Wau – 6.8
49 Cheap Street, Newbury, RG14 5BX
01635 528877

http://www.waumalaysian.co.uk/

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The Dairy

It was love at first sight when I first laid eyes on The Dairy. I’d been paying a visit to the MERL on Upper Redlands Road earlier in the day and I’d dimly remembered that The Dairy, one of the bars which was part of the University, was just down the road. I’d never been, so in the spirit of adventure I did a bit of research, checking out the sadly departed Matt Farrall’s excellent article on the subject for the Whitley Pump). Later that week, I dropped in for a drink.

When I got there, I was thoroughly charmed. It took a bit of finding – it’s pretty much completely unsignposted, and you access it by going up a ramp only to find an unadorned door with a simple plaque next to it saying “The Dairy” in a plain, municipal-looking font. Once I got there, though, I liked the look of the place: it’s made up of two big rooms with clean, white walls, sizeable tables (high ones in the main room, lower ones in the back room), comfy furniture and a wide array of decent beers on keg, including four different craft lagers and representatives from many of our local breweries: Siren Craft, Wild Weather and Elusive, not to mention other breweries like New Wharf and XT.

It’s a university bar, but it was open to the public and seemed to have a pretty varied clientele. Not only that, but even without a student discount you could get a pint of good, well-kept craft beer for around three pounds fifty. I found myself making a mental note that this could make a great place for board games nights with friends, or for a quiet pint on the evenings when I fancied a change of scenery from my usual haunts (it was sleepy on a week night at the start of term).

Then I spotted the menu. Now, normally I would never have considered The Dairy as a venue for a food review, but there were lots of interesting touches on the menu which made me wonder. Jerk chicken, curry mutton and Jamaican vegetable stew all looked different from the usual fare and even the burgers, complete with a very now charcoal brioche, seemed slightly out of the ordinary. I took a picture of the menu and resolved to come back to see if this could be the kind of hidden find which always lifts my spirits.

Returning on a Saturday evening with my partner in crime Zoë, The Dairy was much more obviously a student bar and was far busier. I felt a tad decrepit grabbing a stool at one of the high tables, and then swapping it for one better equipped to support my child-bearing hips. That feeling wasn’t helped by looking around to see hordes of young people watching the big screens, playing pool, eating all-day breakfasts (not something on the menu I had ever considered ordering, in all honesty, and especially not at eight o’clock at night) and generally not appreciating that they were slap bang in the middle of the best years of their lives.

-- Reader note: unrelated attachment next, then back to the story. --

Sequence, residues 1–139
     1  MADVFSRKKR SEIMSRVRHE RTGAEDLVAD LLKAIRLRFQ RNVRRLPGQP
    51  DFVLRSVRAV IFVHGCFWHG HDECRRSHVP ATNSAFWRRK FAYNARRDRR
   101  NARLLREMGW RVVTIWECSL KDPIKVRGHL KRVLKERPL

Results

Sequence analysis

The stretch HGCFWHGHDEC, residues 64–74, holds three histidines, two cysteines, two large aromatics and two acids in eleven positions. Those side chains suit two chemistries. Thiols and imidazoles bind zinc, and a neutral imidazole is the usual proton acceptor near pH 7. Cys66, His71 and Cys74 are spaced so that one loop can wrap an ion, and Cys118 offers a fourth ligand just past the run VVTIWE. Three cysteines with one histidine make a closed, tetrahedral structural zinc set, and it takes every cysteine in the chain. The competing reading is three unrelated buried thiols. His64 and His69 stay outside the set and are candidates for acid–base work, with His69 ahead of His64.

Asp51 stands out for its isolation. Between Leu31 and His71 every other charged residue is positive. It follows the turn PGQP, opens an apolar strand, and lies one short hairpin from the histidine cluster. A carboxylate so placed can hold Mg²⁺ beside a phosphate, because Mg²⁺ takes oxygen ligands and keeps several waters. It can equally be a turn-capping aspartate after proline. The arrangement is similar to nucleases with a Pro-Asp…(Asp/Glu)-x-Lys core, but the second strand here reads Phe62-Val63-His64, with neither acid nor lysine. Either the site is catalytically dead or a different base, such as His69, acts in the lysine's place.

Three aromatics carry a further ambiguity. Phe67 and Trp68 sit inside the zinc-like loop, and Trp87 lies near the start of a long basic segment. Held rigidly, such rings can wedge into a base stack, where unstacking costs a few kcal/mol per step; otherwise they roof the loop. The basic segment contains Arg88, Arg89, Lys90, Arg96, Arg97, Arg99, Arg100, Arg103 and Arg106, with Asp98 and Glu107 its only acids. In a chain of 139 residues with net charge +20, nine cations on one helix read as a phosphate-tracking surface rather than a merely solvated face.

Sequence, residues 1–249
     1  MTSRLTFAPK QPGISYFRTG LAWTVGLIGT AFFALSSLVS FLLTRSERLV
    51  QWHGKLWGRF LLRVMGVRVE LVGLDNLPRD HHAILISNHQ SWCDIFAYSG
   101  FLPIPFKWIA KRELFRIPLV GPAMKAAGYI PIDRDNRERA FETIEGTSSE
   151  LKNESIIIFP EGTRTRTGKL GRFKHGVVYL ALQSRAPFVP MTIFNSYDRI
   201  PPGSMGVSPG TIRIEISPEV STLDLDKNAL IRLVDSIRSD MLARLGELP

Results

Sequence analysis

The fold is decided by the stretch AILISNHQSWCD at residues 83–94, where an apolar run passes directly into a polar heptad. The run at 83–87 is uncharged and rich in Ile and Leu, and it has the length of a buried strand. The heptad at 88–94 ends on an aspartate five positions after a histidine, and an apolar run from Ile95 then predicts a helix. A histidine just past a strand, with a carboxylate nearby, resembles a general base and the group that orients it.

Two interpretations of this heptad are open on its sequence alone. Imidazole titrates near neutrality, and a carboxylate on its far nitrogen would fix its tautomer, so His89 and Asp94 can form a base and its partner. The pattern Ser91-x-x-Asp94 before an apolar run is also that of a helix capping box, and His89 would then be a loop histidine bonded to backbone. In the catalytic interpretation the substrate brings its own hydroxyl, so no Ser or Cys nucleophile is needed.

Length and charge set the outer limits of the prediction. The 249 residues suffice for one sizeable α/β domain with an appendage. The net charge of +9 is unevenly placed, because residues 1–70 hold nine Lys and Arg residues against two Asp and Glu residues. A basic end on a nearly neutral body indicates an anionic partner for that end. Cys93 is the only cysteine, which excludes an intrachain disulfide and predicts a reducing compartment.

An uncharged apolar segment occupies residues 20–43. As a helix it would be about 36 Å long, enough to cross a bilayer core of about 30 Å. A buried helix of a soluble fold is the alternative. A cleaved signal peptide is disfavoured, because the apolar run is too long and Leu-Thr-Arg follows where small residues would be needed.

I wandered into the back room to see if any tables were available there, but was greeted by such a wall of noise that I thought better of it. I did spot one gentleman at another table who was even older than me, and that reassured me enough to grab a menu. Broadly speaking it divided into two sections (unless you count a very small selection of starters and salads and – of course – that all day breakfast): world food and burgers. We quickly decided to try one of each and I went up to the bar to place the order. None of the dishes costs more than a tenner and once you hand over your card (the whole place is cashless) they give you a little gadget which buzzes when your food is ready, signalling for you to go and pick it up from the hatch. Easy peasy.

The first warning bell rang when the gadget buzzed, no more than ten minutes after placing my order; that felt quick enough that I wondered whether a microwave had been involved. I approached the hatch to find the food had been set down in front of me, but with nobody on the other side to greet me. The shelves behind were full of stuff from Brakes, another disconcerting sign. I would have just taken the dishes and gone back to the table but one of them, the mutton curry, was missing the advertised naan bread and mango chutney. Instead there was a small bowl of what appeared to be giant, wan-looking chips, stood upright. I waited, but nobody appeared, so I said “excuse me” as loudly as I dared and a lady wandered in from what I assume was the kitchen.

“I’m sorry, but I’m waiting for a naan bread” I said, doing the English thing of apologising for expecting to receive what I had ordered.

“It’s a mistake with the menu” I was told tersely. “It’s wrong. You don’t get naan bread, because it’s a Caribbean curry. These are yuca fries.”